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THE ITHACAN

The Student News Site of Ithaca College

THE ITHACAN

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Your donation will support The Ithacan's student journalists in their effort to keep the Ithaca College and wider Ithaca community informed. Your contribution will allow us to purchase equipment and cover our annual website hosting costs.

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Your donation will support The Ithacan's student journalists in their effort to keep the Ithaca College and wider Ithaca community informed. Your contribution will allow us to purchase equipment and cover our annual website hosting costs.

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Your donation will support The Ithacan's student journalists in their effort to keep the Ithaca College and wider Ithaca community informed. Your contribution will allow us to purchase equipment and cover our annual website hosting costs.

Team studies trust issues

Leigh Ann Vaughn, associate professor of psychology, Audrey Harkness ’08 and Emily Clark ’08 recently released an article titled “The effect of incidental experiences of regulatory fit on trust.” Vaughn’s student research team also presented their research on psychology March 5 and 6 at the Eastern Psychological Association convention in New York City.

Staff Writer Gillian Smith spoke to Vaughn about her research on how people develop trust.

Gillian Smith: What is the focus of your recently released article?

Leigh Ann Vaughn: It’s about how people judge the trustworthiness of somebody who they don’t know very well. What we found is that — kind of like how a pretty day can favorably influence your judgment of the quality of your life as a whole — when people are feeling right [around someone], they trust that acquaintance more, even if the feeling of rightness wasn’t actually caused by the acquaintance at all.

GS: How would you characterize this feeling of “rightness?”

LV: When people are doing things in ways that fit their preferred way of thinking. For example, if you are inclined to do lots of different things, then something that is going to fit what you [want] to do … is moving quickly from one [task] to another.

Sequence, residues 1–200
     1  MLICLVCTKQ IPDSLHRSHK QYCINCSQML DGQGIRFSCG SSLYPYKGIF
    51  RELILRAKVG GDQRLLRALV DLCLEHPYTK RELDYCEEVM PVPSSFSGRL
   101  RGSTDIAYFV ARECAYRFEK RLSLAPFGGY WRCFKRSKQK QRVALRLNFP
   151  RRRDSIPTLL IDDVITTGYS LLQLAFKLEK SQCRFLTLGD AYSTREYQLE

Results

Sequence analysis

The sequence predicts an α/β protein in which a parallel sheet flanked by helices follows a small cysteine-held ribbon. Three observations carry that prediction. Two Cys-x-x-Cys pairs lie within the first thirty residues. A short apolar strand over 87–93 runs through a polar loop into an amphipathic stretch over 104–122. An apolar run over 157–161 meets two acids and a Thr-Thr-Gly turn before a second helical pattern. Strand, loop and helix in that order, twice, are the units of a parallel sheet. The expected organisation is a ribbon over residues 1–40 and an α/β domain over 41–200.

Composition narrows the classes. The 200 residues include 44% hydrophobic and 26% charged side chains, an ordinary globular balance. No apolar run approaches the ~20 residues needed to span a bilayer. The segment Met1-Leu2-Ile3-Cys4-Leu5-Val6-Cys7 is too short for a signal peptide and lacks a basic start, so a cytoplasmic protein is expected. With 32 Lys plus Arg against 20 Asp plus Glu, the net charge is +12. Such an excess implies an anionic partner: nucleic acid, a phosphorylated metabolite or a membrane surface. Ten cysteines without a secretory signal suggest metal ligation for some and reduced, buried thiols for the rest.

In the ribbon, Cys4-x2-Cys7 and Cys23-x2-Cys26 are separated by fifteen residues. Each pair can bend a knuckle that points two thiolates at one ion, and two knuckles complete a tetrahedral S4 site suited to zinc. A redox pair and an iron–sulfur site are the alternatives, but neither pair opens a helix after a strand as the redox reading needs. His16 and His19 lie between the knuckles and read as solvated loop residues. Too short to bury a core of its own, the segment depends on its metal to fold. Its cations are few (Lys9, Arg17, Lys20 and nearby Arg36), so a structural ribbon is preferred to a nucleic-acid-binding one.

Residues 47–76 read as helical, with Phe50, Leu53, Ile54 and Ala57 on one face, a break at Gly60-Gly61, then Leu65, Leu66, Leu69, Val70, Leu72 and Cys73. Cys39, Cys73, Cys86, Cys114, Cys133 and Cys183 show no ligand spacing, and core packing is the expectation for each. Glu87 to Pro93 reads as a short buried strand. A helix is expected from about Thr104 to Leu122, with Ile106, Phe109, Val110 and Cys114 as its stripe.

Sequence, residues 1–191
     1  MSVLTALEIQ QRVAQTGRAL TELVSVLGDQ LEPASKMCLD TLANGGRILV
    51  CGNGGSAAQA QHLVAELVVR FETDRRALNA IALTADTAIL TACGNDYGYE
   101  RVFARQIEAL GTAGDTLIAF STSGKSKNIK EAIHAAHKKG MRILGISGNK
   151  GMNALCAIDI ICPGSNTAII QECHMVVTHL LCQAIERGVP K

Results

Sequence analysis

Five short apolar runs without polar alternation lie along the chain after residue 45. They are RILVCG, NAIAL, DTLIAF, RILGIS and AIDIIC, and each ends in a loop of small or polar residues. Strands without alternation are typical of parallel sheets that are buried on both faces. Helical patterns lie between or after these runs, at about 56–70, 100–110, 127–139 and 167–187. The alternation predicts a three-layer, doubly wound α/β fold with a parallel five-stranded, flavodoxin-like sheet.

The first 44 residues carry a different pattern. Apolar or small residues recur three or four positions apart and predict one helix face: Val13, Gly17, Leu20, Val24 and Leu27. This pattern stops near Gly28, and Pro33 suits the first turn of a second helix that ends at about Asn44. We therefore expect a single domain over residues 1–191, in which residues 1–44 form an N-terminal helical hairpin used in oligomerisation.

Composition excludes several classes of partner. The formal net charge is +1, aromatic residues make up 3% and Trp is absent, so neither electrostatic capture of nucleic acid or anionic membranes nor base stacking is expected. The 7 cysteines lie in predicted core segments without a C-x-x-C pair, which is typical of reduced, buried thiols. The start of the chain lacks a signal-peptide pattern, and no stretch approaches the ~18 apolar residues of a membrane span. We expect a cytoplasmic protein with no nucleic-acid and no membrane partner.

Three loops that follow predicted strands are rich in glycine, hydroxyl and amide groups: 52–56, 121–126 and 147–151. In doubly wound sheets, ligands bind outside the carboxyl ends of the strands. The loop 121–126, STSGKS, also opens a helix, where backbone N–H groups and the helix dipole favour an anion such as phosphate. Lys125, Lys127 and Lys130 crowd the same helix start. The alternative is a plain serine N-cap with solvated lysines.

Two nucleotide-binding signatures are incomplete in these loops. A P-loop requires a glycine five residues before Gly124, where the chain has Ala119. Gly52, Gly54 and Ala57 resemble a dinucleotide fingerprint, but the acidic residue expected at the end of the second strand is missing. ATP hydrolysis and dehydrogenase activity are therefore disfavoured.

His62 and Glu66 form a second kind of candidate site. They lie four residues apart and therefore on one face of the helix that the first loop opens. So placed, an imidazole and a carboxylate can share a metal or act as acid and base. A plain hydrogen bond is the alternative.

GS: How did this research topic arise?

LV: For years, my Social Judgment Research Team has been doing work on how people make sense of their internal states, which can include feelings of rightness and also how much they trust people. So this is one of a long series of studies on how people do this.

GS: What was the research process like?

LV: The team is one of the eight research teams in the psychology department. They work together with a professor to design studies and run them. We also work together to often present our research at conferences and sometimes in publications. Working with my research team on this research was just a blast. It took a while, so there are a lot of students who worked on this with us.

GS: What are your hopes for the future of this research article?

LV: My hope is that this article will help introduce people to some basic social judgment approaches to thinking about relationships. There are some potentially important implications of this research to therapy situations by asking people about their goals in group therapy and getting them to open up easier.

GS: What was the most exciting part of collaborating with the students?

LV: Beyond any shadow of a doubt, presenting this research with them at a professional conference was the most exciting thing. We prepared for months to do this. They wrote the poster; they were the ones standing up in front of the poster and talking with graduate students and professors about it and fielding any questions that came at them. That was the absolutely most exciting part of this research because it was so much the culmination of everything we had done and the students got to work together just to show themselves and Ithaca College really well.

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